Barry Glassman, CFP

Barry Glassman, CFP®

His vision for starting GWS was to deliver investment strategies and wealth management services typically available at the highest levels of wealth. Today, clients benefit from these sophisticated financial services targeted to meet their unique needs.


This article was originally published on Forbes on June 9th, 2019.


There’s a surprising asset class that has held up a lot better than the U.S. stock market through recent market downturns. Most readers wouldn’t have guessed that I’m referring to Emerging Markets.

President Trump recently tweeted about implementing tariffs on Mexican goods, and that very day we saw a drop in Emerging Market stocks. However, since the following day on May 24th, 2019, through close on June 3rd, we’ve seen a significant shift in U.S. stock performance versus Emerging Markets.

Emerging Markets have gained 2.2%, while the S&P 500 has lost 3.1%. It’s a remarkable change, when historically a “risk-off period” usually sends high beta stocks like Emerging Markets down as much or more than Developed Markets (or more specifically—U.S. stocks).

One might think this is an anomaly. Yet it also happened toward the end of 2018.  From the market peak on September 1st through Christmas Eve Day, most investors may be surprised to learn that Emerging Markets lost only about half of what U.S. markets lost.

In these cases, diversification for Emerging Markets helped cushion the blow for investors, even though historically Emerging Market stocks have been far more volatile than the S&P 500.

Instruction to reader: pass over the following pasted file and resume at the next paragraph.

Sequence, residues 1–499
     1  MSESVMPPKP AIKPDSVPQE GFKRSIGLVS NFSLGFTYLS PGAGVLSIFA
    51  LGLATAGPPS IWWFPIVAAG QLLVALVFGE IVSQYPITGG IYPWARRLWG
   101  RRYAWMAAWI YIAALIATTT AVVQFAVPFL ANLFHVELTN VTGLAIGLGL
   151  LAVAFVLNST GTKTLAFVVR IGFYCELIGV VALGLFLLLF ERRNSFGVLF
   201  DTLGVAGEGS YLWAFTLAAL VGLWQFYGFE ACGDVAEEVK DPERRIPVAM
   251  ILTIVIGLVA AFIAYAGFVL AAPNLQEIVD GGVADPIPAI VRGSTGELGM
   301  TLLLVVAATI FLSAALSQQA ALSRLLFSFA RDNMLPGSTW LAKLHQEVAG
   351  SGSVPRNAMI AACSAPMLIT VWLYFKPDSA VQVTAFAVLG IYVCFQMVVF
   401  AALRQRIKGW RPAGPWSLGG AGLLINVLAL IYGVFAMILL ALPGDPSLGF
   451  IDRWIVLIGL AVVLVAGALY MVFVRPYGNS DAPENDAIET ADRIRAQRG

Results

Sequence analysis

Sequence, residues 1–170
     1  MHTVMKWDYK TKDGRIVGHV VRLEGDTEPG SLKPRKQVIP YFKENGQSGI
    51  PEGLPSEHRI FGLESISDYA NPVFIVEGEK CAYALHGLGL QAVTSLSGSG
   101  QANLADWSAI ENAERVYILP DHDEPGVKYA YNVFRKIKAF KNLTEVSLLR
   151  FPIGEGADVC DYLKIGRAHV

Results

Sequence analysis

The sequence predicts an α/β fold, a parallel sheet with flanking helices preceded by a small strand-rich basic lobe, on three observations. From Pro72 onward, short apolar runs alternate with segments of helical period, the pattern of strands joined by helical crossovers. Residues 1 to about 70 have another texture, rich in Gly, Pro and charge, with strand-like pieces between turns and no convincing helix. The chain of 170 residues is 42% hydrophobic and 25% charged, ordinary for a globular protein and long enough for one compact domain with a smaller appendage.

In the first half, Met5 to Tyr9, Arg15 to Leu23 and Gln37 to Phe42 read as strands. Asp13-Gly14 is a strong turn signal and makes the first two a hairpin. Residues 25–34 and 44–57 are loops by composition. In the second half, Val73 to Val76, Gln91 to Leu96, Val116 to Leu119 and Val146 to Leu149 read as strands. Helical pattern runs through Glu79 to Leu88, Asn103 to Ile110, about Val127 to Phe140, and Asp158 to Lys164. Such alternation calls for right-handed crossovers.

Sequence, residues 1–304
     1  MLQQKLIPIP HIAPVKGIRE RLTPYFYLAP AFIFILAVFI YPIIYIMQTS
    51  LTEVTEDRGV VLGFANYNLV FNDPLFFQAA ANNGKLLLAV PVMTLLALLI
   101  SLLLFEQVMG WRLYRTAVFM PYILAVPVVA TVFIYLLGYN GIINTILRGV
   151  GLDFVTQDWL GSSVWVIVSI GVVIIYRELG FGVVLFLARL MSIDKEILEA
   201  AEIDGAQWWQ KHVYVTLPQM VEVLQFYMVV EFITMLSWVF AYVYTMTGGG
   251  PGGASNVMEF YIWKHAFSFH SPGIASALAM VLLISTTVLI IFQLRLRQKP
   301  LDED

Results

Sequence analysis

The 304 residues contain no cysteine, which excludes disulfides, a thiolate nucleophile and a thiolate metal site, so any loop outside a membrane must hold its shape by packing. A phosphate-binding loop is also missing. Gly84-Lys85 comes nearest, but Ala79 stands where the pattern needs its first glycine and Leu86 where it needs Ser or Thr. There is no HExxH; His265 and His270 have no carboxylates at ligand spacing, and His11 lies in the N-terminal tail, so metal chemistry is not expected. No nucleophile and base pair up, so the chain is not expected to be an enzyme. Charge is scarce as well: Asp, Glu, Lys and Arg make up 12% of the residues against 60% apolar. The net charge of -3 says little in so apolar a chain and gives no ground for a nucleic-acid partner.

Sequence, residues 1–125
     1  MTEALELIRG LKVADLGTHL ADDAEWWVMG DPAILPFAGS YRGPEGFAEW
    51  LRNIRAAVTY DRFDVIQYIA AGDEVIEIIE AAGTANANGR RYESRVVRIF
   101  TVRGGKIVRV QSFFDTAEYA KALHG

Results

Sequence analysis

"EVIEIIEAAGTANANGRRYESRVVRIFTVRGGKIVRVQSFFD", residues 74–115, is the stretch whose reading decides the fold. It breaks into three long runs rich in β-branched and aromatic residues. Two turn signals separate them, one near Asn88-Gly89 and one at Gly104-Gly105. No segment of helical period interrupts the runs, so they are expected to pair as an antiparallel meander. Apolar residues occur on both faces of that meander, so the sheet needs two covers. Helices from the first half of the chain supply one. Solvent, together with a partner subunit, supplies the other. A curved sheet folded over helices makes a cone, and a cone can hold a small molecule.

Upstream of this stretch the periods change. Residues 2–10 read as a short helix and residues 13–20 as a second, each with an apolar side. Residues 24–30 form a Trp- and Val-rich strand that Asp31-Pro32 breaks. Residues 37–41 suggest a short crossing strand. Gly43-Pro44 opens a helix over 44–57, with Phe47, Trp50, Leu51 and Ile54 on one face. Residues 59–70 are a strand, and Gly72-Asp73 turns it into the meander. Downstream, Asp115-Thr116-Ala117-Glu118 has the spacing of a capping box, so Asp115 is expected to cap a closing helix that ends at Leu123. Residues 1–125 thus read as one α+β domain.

The real question is why? Why have Emerging Market stocks held up better during recent downturns?

It could be that the 4th quarter challenges the S&P 500 faced were purely U.S. based challenges, with one of the biggest concerns being the Federal Reserve raising interest rates too fast. Currently, the concerns about U.S. Big Tech are causing volatility.

The relative stability of Emerging Markets could also be caused by valuation. According to Morningstar, the Emerging Market Index’s PE (Price per Earnings) Ratio is 11.70 versus the S&P 500 at 16.44.

And lastly, it could be caused by investor sentiment and fund flows, which have gone the way of U.S. Large Cap versus Emerging Markets for many quarters.

The recent relative stability of emerging market performance is something to keep an eye on, and if market volatility continues in similar fashion to recent downturns, in that they are U.S. focused, Emerging Market stocks may finally offer the diversification that asset allocators have been yearning to see.

Ready to get started?

Connect with a Glassman Wealth advisor today to continue the conversation.